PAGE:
New York-based artist Kevin Umaña created Pocket Symphony, a book of 40 gouache paintings, to visually represent music. Following the structure of a classical symphony, the series is broken down into four parts, starting with impact and gradually changing to become “quieter”.
“The first part of the book is bright and vivid with energetic patterns, much like the first movement of a symphony, a sonata,” Kevin explains. “As the book goes on, the colours tend to become more muted and transform as the song progresses, eventually ending with a two-tone work and simple line work. As a whole, the book forms a linear narrative and is meant to convey the energy and spirit of a traditional symphony”
Many of the pieces have distinct patterns and repeated forms, portraying a rhythm. Others are more erratic, showing a less rigid composition. Kevin listened to music while creating the pieces, and says that his emotional reaction “compelled shapes and colour to form in my head like a game of Tetris”. He tried to keep his references broad, listening to “lo-fi garage, 1960’s pop music and contemporary electronic artists like Blood Orange and Grimes”.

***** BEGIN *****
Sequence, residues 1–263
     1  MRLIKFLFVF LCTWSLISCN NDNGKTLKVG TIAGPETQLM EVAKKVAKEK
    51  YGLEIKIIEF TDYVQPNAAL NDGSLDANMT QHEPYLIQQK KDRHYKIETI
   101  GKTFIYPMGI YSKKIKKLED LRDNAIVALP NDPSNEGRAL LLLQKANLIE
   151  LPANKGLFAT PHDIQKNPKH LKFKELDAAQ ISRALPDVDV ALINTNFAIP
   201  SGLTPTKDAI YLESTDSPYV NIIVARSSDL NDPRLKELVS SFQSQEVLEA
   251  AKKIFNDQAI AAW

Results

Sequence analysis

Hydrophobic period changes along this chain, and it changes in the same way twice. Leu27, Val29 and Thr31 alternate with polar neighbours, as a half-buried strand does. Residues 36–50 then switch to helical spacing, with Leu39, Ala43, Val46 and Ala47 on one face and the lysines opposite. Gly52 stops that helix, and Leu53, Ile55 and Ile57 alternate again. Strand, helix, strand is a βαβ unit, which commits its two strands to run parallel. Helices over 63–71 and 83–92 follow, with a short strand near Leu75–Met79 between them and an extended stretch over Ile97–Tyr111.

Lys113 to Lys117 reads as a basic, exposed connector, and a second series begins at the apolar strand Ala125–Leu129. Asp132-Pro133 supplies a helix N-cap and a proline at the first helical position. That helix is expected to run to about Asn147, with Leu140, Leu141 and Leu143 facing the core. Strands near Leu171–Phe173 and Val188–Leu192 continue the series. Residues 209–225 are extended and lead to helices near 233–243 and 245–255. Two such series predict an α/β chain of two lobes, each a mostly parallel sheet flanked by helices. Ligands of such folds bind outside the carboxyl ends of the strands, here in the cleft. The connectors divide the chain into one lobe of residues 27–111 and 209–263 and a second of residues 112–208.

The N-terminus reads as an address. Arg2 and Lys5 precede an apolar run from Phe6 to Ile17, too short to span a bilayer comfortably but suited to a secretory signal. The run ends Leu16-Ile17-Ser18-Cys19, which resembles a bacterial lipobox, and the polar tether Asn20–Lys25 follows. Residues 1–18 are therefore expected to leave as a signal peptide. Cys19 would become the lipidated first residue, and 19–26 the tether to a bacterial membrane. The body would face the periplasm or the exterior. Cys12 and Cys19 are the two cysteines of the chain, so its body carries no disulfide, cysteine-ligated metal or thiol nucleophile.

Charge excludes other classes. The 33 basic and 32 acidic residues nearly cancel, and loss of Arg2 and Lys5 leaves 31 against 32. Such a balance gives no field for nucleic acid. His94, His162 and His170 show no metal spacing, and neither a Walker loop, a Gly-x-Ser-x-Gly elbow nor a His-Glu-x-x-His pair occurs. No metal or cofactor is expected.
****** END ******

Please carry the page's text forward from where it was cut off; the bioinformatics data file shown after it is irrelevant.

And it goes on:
He was also inspired by Scandinavian architecture and design, and its “mathematical approach to modernity,” particularly in his use of form and colour. Like the rest of his portfolio, the paintings are abstract yet structured, displaying a huge variance in composition as well as the artist’s keen eye for colour combination.
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